The CKL will model community knowledge creation through five microlabs, which will produce curriculum/methodology documentation for public use that offers best practices for doing decolonial and diasporic Black and ethnic studies digital humanities work. It will start with four microlabs, open to graduate and undergraduate student participation and led by DSL faculty partners and/or Solidarity Fellows, including several Johns Hopkins students. The microlabs include:
- Taller Entre Aguas (TEA), where members will explore best practices for doing Black Puerto Rican digital history. Led by Afro-Puerto Rican scholar Sarah Bruno, currently an ACLS postdoctoral fellow at Duke University, TEA will work closely with Afro-Puerto Rican cultural and historical organizations in Puerto Rico and its diaspora to build out a set of methods for researching Black Puerto Rican "data" and decolonial and diasporic digital publishing.
- Archipelagos of Marronage (AOM), will explore geographies of Black persecution using sources like runaway ads and tools like ArcGIS/StoryMaps and Twine to experiment with models of turning surveillance practices inside out. The Solidarity Fellows involved include Hopkins history doctoral candidates Halle-Mackenzie Ashby and Greg Smaldone, and Nicole Viglini, a doctoral candidate at the University of California-Berkeley.
- Southern Digital Culture Lab (SDCL) will explore digital patrimony for Black southern culture bearers and centers Black communal archival practices and the use of social media, blogging, and digital archives to share and excavate histories. SDCL will be led by Solidarity Fellow and Hopkins history doctoral candidate Kelsey Moore.
- Kitchen Marronage: Taste Archives, directed by Tao Leigh Goffe, is a virtual test kitchen that will focus on the politics of plantation, Indigenous, Maroon, and Asian foodways and integrate with the Sites of ReMemory DSL summer microlabs in Puerto Rico (2022), Dominica (2023), and New Orleans (2024). In partnership with the Smithsonian affiliate the Museum of African Diaspora in San Francisco, the Asian Art Museum, and the Museum of Contemporary African Diasporan Arts in New York, co-creators will explore the kitchen as a radical site of rebellion, collusion, and cross-racial co-production.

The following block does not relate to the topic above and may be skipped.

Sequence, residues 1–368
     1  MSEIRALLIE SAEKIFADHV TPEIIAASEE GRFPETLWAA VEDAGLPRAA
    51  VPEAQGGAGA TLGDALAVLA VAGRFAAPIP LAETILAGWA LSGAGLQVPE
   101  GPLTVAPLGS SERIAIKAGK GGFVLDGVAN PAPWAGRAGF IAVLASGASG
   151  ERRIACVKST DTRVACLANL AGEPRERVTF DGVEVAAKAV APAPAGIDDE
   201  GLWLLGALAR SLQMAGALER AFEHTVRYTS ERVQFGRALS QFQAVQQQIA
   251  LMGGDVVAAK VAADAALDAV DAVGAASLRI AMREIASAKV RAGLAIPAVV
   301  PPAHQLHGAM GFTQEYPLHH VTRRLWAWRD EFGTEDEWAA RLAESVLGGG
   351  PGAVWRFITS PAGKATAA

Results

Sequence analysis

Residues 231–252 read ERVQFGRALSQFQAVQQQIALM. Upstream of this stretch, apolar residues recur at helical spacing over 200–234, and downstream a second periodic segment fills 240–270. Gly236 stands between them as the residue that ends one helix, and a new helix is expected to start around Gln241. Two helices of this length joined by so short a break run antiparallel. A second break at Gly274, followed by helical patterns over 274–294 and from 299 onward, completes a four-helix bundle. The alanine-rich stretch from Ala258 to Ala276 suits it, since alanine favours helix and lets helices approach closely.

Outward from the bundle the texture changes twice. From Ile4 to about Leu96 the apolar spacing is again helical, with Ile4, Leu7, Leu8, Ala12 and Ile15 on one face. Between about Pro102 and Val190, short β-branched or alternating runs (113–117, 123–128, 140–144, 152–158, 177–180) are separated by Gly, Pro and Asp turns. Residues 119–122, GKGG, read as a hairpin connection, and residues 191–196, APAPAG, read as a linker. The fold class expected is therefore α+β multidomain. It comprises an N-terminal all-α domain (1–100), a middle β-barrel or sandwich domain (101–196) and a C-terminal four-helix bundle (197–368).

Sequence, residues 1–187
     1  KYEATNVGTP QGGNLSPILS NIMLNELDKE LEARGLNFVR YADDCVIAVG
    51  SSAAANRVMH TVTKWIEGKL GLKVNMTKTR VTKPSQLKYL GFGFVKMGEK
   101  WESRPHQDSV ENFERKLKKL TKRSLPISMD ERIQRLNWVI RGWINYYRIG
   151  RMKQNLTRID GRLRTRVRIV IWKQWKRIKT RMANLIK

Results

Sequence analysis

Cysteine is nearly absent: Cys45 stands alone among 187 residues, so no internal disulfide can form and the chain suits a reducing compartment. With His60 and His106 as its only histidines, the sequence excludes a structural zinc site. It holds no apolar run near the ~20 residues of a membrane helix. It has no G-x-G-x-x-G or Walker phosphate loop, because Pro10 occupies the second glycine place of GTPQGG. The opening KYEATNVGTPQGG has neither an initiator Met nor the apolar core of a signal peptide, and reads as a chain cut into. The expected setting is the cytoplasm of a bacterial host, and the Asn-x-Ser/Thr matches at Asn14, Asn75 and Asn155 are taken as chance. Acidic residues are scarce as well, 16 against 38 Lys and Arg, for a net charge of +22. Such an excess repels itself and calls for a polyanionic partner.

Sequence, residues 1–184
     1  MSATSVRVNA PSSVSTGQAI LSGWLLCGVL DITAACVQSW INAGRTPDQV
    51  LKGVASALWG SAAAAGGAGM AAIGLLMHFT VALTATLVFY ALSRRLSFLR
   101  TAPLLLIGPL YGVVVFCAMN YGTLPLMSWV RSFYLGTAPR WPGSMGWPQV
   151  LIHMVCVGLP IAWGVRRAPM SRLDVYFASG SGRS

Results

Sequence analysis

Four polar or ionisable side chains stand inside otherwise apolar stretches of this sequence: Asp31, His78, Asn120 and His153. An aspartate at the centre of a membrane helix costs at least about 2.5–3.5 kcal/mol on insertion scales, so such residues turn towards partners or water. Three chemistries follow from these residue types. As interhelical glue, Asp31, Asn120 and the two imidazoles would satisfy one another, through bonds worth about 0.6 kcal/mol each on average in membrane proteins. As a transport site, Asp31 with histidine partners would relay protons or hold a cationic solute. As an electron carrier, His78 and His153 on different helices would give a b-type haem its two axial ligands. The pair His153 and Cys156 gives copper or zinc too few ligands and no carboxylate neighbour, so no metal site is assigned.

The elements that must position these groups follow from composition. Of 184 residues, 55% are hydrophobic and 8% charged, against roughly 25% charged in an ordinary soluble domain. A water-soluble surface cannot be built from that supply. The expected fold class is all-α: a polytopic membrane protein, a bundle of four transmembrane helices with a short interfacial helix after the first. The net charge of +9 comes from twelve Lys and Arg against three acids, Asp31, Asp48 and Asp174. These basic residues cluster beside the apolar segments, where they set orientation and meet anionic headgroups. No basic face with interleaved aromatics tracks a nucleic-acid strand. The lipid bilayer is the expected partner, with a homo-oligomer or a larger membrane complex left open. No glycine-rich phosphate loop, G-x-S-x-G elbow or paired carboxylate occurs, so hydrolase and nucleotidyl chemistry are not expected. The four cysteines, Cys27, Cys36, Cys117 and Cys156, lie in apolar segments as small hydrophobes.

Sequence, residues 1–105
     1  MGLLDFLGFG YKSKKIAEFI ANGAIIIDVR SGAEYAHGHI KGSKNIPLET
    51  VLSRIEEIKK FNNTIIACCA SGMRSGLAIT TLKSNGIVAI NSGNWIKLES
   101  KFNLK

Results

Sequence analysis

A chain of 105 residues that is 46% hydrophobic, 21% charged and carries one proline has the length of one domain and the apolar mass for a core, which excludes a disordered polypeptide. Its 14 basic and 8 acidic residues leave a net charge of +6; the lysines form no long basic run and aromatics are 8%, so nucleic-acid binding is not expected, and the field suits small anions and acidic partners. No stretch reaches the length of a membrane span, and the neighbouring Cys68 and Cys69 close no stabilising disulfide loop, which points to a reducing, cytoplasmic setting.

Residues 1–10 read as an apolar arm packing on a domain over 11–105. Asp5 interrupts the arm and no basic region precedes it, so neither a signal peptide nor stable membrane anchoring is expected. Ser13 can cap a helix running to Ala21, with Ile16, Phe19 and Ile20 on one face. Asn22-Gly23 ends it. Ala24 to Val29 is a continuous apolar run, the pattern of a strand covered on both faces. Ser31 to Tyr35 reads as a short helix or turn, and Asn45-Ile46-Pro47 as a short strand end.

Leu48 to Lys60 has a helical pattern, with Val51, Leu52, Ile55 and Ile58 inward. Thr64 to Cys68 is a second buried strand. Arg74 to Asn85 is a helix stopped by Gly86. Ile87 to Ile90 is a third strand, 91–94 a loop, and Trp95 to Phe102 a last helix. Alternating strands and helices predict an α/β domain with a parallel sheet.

The CKL will also support a series of Black Louisiana History Incubators. These intensive, virtual, one-time events with experts will occur in collaboration with partners in New Orleans, including DSL community partner the Black Schoolhouse, the site of the DSL's 2024 summer ReMemory Lab. Over the course of the grant, the incubators will bring genealogists, historical interpreters, tour guides, organizers, and artists, all compensated for their time, into the CKL (virtually) to explore how Black history has been maintained at the grassroots level in the face of slavery, segregation, divestment from historical institutions, and resource extraction by academics. Incubators range from workshops to lectures to tutorials with invited practitioners and DSL members.
The Mellon grant will fund the DSL for three years. Community partners include grassroots organizations, international archives, and museums, among other organizations.
The Andrew W. Mellon Foundation is the nation's largest supporter of the arts and humanities. Since 1969, the foundation has been guided by its core belief that the humanities and arts are essential to human understanding.